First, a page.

Saakashvili: These are Times of Gov't Firmness, Maturity
Civil Georgia, Tbilisi / 20 Jun.'09 / 02:47

President Saakashvili has offered those twelve opposition politicians, who have refused to take their seats in the legislative body after last year’s elections, “to return back to the Parliament.”

“If they wish let’s amend the law as part of the agreement to allow those who have refused to take seats in the parliament last year to return back to the parliament and to take those seats. Let them return back,” Saakashvili said in a lengthy live interview with the Rustavi 2 TV’s weekly program, Position, late on June 19.

He said that potential for a dialogue with the non-parliamentary opposition leaders remained “large” and said that except of publicly announced talks there also had been “many other meetings” between the opposition and the authorities. He did not specify.

“No matter whether some radicals join or not this process of dialogue, we are not going to stop, the train will keep moving,” Saakashvili said. “It is better for them to get on board soon before this train moves slowly, because it will be more difficult – although not impossible - to get on board, when the train gains speed.”

He reiterated that ongoing rallies “even with blocking of number of streets will not force the government to resign especially in this very decisive moment for our country.”

He said that protest rallies in general should be a wake-up call for the authorities, but “complicating life” should not be the goal in itself of the street demonstrations.

“I have listened to our people; I have heard what required to be heard and saw everything that required to be seen and I respect those people [demonstrators],” he said.

Saakashvili again ruled out holding of either early parliamentary or presidential elections and reiterated that only the local elections could be held next spring, instead of originally planned late 2010.

He said that “from the political point of view we have gained a lot from these rallies,” because nothing that could have portrayed Georgia as an undemocratic country happened.

“These are times of political firmness and maturity for the authorities, which I think is an achievement for the state,” he said.

He, however, said that the ongoing street protests had a negative result for the country’s economy.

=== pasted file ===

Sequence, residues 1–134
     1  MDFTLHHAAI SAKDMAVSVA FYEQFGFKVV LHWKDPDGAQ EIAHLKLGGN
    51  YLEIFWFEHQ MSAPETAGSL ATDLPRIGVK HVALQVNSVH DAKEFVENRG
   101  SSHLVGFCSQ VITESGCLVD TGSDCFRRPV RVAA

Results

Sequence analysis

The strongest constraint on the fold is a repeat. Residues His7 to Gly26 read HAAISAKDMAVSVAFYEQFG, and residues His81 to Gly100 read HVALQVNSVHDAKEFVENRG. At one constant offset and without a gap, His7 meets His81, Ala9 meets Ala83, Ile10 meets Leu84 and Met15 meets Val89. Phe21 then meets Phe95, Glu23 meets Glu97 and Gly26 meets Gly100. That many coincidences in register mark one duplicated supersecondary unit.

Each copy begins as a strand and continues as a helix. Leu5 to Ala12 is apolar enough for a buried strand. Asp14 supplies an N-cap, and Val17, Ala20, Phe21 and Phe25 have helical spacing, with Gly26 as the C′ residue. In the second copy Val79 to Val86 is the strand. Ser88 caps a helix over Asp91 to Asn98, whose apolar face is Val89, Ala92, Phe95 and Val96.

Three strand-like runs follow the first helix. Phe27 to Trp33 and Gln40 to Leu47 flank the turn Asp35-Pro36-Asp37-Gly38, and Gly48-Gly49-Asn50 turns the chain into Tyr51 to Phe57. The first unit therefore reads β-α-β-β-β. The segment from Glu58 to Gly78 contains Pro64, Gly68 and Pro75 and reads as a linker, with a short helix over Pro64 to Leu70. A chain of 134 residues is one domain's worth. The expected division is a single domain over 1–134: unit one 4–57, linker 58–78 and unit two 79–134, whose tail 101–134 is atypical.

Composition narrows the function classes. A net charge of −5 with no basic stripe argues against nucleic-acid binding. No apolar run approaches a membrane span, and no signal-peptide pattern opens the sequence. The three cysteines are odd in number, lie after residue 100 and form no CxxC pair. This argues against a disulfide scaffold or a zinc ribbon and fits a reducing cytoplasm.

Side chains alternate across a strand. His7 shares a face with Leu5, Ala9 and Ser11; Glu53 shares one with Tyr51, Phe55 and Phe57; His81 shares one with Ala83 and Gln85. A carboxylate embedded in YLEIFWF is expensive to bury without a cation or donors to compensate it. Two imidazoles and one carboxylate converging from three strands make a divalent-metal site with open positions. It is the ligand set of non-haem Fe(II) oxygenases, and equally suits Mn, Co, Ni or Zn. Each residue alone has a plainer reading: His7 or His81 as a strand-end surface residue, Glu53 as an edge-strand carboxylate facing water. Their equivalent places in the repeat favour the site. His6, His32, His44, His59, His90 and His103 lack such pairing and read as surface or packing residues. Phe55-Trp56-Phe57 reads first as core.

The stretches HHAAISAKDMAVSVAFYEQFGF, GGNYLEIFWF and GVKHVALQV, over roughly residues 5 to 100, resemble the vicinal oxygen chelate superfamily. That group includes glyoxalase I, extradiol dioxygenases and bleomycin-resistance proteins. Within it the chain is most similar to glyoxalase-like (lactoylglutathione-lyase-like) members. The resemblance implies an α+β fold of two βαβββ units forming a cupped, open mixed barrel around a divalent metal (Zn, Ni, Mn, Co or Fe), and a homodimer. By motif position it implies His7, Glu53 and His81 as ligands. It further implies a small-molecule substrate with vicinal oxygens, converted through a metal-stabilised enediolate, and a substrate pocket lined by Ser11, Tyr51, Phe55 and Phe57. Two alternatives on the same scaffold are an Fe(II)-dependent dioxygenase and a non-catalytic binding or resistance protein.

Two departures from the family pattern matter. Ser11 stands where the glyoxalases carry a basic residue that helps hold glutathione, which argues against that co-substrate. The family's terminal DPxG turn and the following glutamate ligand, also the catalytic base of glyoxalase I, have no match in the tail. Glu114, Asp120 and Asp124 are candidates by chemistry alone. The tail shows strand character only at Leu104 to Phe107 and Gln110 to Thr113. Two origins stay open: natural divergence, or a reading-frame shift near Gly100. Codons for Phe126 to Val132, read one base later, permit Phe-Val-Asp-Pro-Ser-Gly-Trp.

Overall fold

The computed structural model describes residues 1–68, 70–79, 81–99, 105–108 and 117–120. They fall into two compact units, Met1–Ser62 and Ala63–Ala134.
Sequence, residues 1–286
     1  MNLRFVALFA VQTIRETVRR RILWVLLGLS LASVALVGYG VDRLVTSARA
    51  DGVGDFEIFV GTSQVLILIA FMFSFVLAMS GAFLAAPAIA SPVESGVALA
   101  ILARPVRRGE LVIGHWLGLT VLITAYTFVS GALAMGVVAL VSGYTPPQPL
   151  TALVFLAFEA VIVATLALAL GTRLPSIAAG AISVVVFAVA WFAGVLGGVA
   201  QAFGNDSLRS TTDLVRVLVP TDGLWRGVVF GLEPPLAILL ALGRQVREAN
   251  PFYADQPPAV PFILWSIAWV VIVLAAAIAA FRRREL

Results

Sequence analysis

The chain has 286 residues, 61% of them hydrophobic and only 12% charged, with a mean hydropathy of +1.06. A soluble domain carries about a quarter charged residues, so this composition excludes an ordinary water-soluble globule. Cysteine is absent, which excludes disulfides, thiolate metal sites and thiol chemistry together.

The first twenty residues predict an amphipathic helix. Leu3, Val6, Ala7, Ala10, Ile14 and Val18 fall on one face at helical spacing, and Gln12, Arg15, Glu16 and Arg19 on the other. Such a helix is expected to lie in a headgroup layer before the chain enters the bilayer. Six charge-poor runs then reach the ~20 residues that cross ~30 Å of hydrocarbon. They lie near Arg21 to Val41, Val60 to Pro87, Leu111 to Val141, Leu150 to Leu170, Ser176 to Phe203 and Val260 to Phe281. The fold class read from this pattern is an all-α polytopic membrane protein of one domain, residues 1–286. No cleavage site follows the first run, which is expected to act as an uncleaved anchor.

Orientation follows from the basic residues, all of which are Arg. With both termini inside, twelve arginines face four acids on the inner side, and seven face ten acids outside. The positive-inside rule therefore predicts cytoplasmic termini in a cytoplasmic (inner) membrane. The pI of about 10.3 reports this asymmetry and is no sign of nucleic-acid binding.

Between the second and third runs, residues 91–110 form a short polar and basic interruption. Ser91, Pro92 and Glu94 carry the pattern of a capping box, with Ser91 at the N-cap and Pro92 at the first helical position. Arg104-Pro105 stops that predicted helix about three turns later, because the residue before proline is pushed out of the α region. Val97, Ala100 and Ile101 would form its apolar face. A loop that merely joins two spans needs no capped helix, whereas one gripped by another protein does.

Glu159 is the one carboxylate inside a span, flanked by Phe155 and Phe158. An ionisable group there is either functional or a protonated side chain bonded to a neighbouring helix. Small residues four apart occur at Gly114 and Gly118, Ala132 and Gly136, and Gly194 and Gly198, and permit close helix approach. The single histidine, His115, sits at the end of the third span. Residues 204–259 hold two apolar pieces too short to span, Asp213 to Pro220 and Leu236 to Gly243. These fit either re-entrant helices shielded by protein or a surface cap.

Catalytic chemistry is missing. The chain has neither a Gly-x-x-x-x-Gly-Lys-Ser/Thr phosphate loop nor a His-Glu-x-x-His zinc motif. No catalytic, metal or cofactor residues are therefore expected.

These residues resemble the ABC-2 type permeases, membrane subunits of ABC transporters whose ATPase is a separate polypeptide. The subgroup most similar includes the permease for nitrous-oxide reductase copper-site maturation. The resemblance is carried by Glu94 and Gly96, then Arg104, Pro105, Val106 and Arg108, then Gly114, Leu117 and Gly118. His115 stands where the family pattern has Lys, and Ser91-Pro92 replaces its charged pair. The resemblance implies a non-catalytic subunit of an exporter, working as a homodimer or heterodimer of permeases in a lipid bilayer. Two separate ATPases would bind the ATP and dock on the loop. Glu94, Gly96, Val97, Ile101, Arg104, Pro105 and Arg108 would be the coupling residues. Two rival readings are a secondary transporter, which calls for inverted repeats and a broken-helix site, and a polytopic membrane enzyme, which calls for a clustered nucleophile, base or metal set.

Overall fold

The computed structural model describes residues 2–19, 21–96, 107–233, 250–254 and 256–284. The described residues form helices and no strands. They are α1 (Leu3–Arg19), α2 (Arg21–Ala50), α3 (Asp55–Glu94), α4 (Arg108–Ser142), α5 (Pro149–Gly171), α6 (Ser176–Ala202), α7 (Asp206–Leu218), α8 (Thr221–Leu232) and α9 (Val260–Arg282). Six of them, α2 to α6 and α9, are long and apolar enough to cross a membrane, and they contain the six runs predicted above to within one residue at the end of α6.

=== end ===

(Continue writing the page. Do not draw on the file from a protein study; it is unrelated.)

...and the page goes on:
Saakashvili said that he had “fundamental difference” with “radical leaders” of the opposition.

“I can not agree with them when they say that Georgia has lost the war and lost its territories and that this is hopeless struggle,” Saakashvili said. “I believe that we have not lost anything; we have saved our statehood; of course we have not won yet, because our victory will be when our territorial integrity is restored. This is a huge and daily struggle.”

“They believe that people are a tool and some of them even think that people are a mob; but I think that we have very wise people… They think that fight against criminality contravenes the Georgian mentality… They believe that all the methods are admissible in the political struggle: including permanent lies and seeding of hatred… And they believe that Georgia will never be able to establish itself as an European civilization, because it contravenes to the Georgian values… But despite these differences we have one motherland.”

Asked about the authorities’ suggestions about Moscow’s hand in ongoing protests in Tbilisi, Saakashvili said: “I can not point the finger at anyone– although we have some information – it’s not my business to point at anyone saying they are agents… that is up to law enforcement and judiciary to do that.”

He, however, said that when some opposition politicians criticize western diplomats and when “it is said that Georgia attacked sleeping Tskhinvali, a question is asked: whose interests do they express?”

“We have the wise people and let them judge for themselves,” he continued. “Medvedev said that they wanted early elections in Georgia… So we should be cautious.”

Asked about the opposition’s complaints that the authorities were not investigating cases of attacks on opposition activists and supporters, Saakashvili said: “Sooner or later – sooner than later – everything will be investigated.”

And when asked about “excessive use of force by the police” on June 15 outside the Tbilisi police headquarters, Saakashvili said that policemen were sworn at by protesters “night and day” one should “not be surprised if these people [policemen] exaggerated.”

He reiterated position of lawmakers from his ruling party about opposition politician Salome Zourabichvili’s readiness to take the post of deputy interior minister and said that his offer to the opposition should not be understood as if an opposition politician could serve on the post of deputy interior minister and participate in the protest rallies and “continuing swearing at the police” at the same time.

Saakashvili said that he would have focused more on social and security issues if he were in the opposition now.

“If I where in the opposition today, do you know what would have been my source of criticism of the authorities? Today our major problem is that best of our territories are occupied and that our statehood is in danger. So I would have spoken all the time about whether or not the government is effective in tackling this problem and also about whether or not the government is helping people to overcome hardship,” he said.

He also said that “no one should think that I have given up developing our armed forces.”

“Some say now ‘why did we need to spend billions on defense’ – we should have invested twice more,” Saakashvili added.

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